New York – Foot Locker Inc. reported net income of $120 million in the third quarter of fiscal 2014, a 13% gain from $104 million in the year-ago period. Higher pretax income aided Foot Locker’s profit growth.
Total sales increased 6.7% to $1.73 million, compared with $1.62 million in the year-ago period. Same-store sales rose 6.9%.
Foot Locker CEO and industry veteran Ken Hicks plans to retire at the end of November. His successor, executive VP and COO Richard Johnson, will become CEO on Dec. 1.
"The company is well positioned to build on the momentum the team has created over the last several years," said Johnson. "It will be a tremendous privilege to lead the organization as we leverage our strengths, which include our global scope, our banner differentiation, our omnichannel capabilities, and our people, in pursuit of the exciting opportunities we have identified to grow and improve the business in the near and long term."
Guest Commentary: Black Friday – Retailers are doing it wrong
By Jason Becker, RICS Software
Retailers – take a step back from Black Friday weekend this year.
I’m not suggesting you shouldn’t move forward with your promotions and sales. Everyone knows that Black Friday weekend can be one of the most profitable times of the year for retailers. But relying too much on this crazy weekend of shopping to generate holiday season profits is a big mistake.
Instead of relying on the flash sales that Black Friday weekend promises, many consumers are looking for deals that continue throughout the month of December. Relying exclusively on Black Friday to accommodate all of their shopping needs is simply too stressful and rushed. As a retailer, your job is to give them what they want.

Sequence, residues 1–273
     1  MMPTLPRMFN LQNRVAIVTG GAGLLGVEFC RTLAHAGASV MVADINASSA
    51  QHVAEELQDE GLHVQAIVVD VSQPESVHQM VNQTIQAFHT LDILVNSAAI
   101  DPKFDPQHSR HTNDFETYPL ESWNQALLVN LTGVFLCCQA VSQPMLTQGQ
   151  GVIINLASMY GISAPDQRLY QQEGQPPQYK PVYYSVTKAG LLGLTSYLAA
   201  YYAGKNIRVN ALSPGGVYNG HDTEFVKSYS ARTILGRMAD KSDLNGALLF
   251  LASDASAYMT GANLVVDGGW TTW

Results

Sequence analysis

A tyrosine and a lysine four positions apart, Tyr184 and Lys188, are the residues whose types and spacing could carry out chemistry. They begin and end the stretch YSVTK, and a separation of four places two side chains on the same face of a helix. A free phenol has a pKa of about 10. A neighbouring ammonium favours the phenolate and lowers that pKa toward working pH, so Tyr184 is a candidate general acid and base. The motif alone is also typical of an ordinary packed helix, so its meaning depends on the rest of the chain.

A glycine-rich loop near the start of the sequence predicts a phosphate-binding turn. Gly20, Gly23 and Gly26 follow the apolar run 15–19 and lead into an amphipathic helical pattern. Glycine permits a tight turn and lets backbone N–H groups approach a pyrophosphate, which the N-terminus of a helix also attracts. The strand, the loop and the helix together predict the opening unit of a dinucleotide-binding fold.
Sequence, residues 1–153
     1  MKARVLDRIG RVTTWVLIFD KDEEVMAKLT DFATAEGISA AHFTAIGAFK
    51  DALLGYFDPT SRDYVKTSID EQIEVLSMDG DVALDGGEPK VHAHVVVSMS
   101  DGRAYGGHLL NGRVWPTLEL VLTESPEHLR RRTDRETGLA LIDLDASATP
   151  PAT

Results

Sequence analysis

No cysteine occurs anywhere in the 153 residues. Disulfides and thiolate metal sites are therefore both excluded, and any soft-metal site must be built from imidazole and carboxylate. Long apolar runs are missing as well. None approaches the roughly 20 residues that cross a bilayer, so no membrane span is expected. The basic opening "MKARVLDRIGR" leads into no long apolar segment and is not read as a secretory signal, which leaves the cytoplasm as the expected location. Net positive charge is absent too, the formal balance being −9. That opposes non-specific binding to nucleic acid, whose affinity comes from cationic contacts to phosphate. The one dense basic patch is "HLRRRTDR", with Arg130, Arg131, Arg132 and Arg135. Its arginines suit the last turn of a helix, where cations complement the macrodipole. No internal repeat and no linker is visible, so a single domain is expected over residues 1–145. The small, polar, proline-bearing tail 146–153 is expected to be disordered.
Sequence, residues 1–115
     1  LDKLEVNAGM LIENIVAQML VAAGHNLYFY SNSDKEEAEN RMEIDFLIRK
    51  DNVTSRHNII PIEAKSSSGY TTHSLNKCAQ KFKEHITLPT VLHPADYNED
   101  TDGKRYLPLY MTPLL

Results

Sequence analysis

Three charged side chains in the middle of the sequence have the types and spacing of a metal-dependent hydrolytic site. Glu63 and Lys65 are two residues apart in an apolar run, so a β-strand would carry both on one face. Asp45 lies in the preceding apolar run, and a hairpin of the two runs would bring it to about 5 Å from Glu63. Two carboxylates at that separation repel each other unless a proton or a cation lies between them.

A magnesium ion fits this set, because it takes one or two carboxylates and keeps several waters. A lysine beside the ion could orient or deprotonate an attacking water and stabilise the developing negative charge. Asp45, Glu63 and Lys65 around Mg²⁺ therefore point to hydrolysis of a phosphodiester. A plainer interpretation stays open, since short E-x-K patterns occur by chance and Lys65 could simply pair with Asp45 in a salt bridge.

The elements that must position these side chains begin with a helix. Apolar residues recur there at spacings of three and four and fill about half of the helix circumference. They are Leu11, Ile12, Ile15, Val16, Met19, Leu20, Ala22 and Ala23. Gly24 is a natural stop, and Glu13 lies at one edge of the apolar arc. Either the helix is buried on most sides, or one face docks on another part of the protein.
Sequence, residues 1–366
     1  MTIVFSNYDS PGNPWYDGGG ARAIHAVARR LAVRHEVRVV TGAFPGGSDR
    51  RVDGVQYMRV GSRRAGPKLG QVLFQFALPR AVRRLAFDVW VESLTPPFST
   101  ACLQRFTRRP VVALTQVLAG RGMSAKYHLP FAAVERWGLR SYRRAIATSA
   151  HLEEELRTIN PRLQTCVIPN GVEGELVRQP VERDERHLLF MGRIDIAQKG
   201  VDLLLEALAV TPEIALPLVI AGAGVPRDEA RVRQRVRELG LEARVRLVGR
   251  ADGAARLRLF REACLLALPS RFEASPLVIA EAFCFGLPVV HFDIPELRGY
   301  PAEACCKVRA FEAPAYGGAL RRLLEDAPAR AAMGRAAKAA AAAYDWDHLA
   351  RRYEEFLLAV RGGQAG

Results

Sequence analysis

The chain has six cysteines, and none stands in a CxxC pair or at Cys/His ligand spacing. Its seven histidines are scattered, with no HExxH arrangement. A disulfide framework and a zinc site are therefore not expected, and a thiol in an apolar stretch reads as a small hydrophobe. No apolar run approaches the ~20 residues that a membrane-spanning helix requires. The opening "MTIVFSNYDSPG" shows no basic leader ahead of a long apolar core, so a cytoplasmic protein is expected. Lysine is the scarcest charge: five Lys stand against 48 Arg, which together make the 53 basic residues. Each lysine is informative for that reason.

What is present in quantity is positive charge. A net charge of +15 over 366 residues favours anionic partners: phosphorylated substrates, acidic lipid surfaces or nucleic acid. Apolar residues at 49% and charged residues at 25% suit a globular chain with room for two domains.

Here are a few tips for retailers who want to make the most of the entire holiday shopping season, instead of depending on Black Friday for profits.
Make the most of your retail technology
Modern retailers know that technology is one of the greatest tools at their disposal to enhance customers’ shopping experiences. With so many options available, it’s necessary to implement a variety of technology tools to create the best holiday shopping experience possible.
Bargains on Black Friday weekend are a given for consumers, so use the tools at your disposal to keep them coming back for more promotions and deals. You can use reports generated by your retail technology to find stock items that are slow-movers or poor sellers and use information to make strategic markdowns. This is a great way to not only make room on your shelves for better-selling items, but also to entice customers to enter your store and take a look at those full-priced items.